If someone had not heard your music how would you describe it?
“You often hear artists saying they hate to be labelled and categorized. It’s not that we do – but even we struggle to pinpoint it ourselves. Someone said we were like Mumford and Sons on Prozac. Other descriptions have been country-tinged indie. I think the best way to describe it would be to take it apart. Pop vocals and glockenspiel, maybe dance bass and kick drum, folk acoustic instruments, rock-blues electric guitar. We all have different influences ranging from the Pixies, Fugazi, Slint to Bright eyes, Yo La Tengo, My Bloody Valentine, the Sound, Jawbreaker, Afghan Whigs , the Brian Jonestown Massacre etc etc. I could go on for ages listing all our influences, but I guess the important thing for us was to create something new and not pinpoint ourselves to a certain genre.”
I did come across a description of “whimsical pop”. I wouldn’t describe the album as pop and the whimsy seems almost entirely due to the unique, and rather inspired, pairing of the glockenspiel and banjo. How did that come about? Were there any less successful experiments?
“Haha, not really any other experiments to be honest. The banjo came about because I like the sound so I bought a cheap one. Ed and I lived in a five-bedroom bedsit where people moved in and out of constantly, one of them left their glockenspiel. We also bought a cheap drumkit which turned out to be useless except the kick drum. The sound came from drunken jams of these instruments really. We had experimented in recording studios before we did many gigs adding things like full drumkits, cellos and pianos as you can hear from our first EP, but the more we gigged, the more we knew our sound and wanted to capture that live sound as close as we could in the album. By the way, we have upgraded all of our instruments.”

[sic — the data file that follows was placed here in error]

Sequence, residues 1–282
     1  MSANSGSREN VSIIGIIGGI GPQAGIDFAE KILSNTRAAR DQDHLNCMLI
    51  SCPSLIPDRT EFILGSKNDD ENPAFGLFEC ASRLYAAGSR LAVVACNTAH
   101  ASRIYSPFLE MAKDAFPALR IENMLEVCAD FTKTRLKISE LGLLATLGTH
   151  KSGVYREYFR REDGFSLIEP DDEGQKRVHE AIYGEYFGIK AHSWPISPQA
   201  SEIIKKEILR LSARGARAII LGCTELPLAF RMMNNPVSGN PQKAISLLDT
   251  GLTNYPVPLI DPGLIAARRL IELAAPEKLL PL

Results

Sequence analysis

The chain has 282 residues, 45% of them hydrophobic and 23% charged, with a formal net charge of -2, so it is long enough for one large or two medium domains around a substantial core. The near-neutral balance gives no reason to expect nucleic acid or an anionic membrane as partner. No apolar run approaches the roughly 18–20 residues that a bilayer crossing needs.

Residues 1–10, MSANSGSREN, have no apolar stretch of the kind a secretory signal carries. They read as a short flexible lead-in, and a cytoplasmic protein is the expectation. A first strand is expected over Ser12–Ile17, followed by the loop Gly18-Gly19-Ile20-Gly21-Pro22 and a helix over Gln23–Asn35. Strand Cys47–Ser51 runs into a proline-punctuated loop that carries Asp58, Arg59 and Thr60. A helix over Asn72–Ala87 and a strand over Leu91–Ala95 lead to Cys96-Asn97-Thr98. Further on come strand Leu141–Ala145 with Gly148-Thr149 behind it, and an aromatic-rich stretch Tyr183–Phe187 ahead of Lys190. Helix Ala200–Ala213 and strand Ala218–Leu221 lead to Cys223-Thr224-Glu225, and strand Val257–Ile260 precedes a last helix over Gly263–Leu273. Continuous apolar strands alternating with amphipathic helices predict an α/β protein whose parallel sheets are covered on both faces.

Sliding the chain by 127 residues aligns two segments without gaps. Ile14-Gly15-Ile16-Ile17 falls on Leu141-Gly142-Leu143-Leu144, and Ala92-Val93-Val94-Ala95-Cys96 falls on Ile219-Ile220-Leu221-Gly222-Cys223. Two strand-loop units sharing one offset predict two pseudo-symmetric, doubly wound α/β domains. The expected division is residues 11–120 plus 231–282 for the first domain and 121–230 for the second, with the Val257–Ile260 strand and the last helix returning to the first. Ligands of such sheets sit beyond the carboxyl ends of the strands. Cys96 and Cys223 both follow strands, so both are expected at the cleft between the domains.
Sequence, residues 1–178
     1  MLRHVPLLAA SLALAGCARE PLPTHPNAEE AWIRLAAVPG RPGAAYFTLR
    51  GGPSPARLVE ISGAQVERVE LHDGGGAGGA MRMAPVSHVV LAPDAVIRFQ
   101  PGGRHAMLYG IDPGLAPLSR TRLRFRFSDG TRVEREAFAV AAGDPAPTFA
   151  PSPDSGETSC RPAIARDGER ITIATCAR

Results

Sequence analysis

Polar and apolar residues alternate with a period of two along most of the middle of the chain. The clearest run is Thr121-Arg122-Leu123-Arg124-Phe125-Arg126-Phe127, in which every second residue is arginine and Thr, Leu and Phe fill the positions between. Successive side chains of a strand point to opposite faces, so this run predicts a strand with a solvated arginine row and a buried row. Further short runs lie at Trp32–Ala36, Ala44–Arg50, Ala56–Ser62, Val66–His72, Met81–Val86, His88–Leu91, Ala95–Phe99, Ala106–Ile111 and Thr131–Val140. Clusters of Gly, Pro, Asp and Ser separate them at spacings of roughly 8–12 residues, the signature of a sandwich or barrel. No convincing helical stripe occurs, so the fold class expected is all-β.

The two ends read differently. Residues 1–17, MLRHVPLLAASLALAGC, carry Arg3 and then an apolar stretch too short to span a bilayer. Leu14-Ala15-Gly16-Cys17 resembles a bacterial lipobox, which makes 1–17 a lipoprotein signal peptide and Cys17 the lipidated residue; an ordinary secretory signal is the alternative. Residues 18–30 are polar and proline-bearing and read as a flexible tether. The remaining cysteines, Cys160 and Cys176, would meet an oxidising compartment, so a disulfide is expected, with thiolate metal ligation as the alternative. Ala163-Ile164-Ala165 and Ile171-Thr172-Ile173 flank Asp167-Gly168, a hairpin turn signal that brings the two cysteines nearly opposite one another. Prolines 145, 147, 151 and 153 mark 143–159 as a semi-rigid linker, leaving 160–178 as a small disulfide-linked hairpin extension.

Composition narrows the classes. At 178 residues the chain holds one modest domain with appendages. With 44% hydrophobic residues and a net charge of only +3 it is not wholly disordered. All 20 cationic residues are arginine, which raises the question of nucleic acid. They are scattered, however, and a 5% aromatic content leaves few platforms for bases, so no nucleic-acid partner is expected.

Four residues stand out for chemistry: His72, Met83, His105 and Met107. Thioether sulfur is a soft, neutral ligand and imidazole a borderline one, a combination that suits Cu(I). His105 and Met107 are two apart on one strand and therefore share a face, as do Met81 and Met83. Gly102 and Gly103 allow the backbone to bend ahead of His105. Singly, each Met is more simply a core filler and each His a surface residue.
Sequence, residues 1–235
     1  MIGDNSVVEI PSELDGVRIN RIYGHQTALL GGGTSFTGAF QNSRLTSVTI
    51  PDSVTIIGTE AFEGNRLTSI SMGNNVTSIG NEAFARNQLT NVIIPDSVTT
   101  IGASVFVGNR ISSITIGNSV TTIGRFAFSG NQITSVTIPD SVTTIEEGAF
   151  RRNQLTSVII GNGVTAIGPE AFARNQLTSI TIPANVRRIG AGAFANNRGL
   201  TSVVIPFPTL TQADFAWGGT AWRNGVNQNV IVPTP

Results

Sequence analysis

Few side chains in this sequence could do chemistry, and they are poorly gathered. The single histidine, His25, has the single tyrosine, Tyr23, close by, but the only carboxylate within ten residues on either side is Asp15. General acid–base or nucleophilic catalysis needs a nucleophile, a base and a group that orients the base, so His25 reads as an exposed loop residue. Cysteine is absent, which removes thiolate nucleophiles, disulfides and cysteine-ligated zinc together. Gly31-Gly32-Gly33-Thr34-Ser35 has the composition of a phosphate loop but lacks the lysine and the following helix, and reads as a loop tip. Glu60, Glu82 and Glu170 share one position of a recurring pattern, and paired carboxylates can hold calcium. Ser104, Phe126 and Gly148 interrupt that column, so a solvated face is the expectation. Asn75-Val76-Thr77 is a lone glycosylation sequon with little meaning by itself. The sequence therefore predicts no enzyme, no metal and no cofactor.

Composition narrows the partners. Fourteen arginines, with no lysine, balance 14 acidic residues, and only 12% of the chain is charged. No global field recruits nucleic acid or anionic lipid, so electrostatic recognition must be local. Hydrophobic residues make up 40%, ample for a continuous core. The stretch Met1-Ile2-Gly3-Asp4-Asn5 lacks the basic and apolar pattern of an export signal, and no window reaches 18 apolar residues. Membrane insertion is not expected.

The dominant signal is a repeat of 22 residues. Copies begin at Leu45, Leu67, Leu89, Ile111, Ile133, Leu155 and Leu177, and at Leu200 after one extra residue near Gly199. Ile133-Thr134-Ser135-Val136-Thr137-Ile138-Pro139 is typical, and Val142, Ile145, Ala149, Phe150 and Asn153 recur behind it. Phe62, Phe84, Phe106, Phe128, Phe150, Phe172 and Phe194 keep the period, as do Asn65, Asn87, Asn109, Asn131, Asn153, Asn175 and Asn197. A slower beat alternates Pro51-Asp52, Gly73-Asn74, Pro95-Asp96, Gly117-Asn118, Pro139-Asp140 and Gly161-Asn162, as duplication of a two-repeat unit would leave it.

I’m going to list three songs. Could you try to describe and capture the heart of each one in exactly 3 words.
The Sea of Lights: summer, drifting, overcome
Closer: envy, tension, intoxication
Slide: despair, rebound, freedom
The thing I liked the most and didn’t expect was how much the banjo was used throughout the album. This was satisfyingly effective. While it does not dominate the record, the abundant banjo gave it a cohesion and a freshness that might not have been there otherwise if it was used more sparingly. Was that something conscious?
“It came from the practices. Ed had the banjo around his neck and a glockenspiel stick in his hand, if that’s what they’re called, to play the first few songs I had written. So when he was shown the new songs, he just stuck to playing those two instruments. We do like folk music so it’s important that the folk influence is still there in every song, without the banjo we would sound more like a straight up pop rock band without a drumkit.”
I just read about the Kitchen Sessions. Is that something you will continue? Any thoughts on who you would like to have come over in the future?
“The kitchen sessions was a lot of fun and we do want to do it again. Our main focus for the last while was to get the album right. Schedules between artists, the director and ourselves often clashed so it became very difficult to organize routinely. We had a great time doing it. My girlfriend would make lovely spreads of food depending on the artist or the date and we got free entertainment in our very own kitchen. When we start it up again, we might rebrand it as a new thing as it will be a new kitchen and take it more seriously and professional. This time we plan on getting different genres other than acoustic acts like dance or rap. Some of the people that have shown an interest in playing in a new Kitchen Sessions are Trusty and the Foe and Anna Sweeney but there’s nothing confirmed or being done about this just yet.”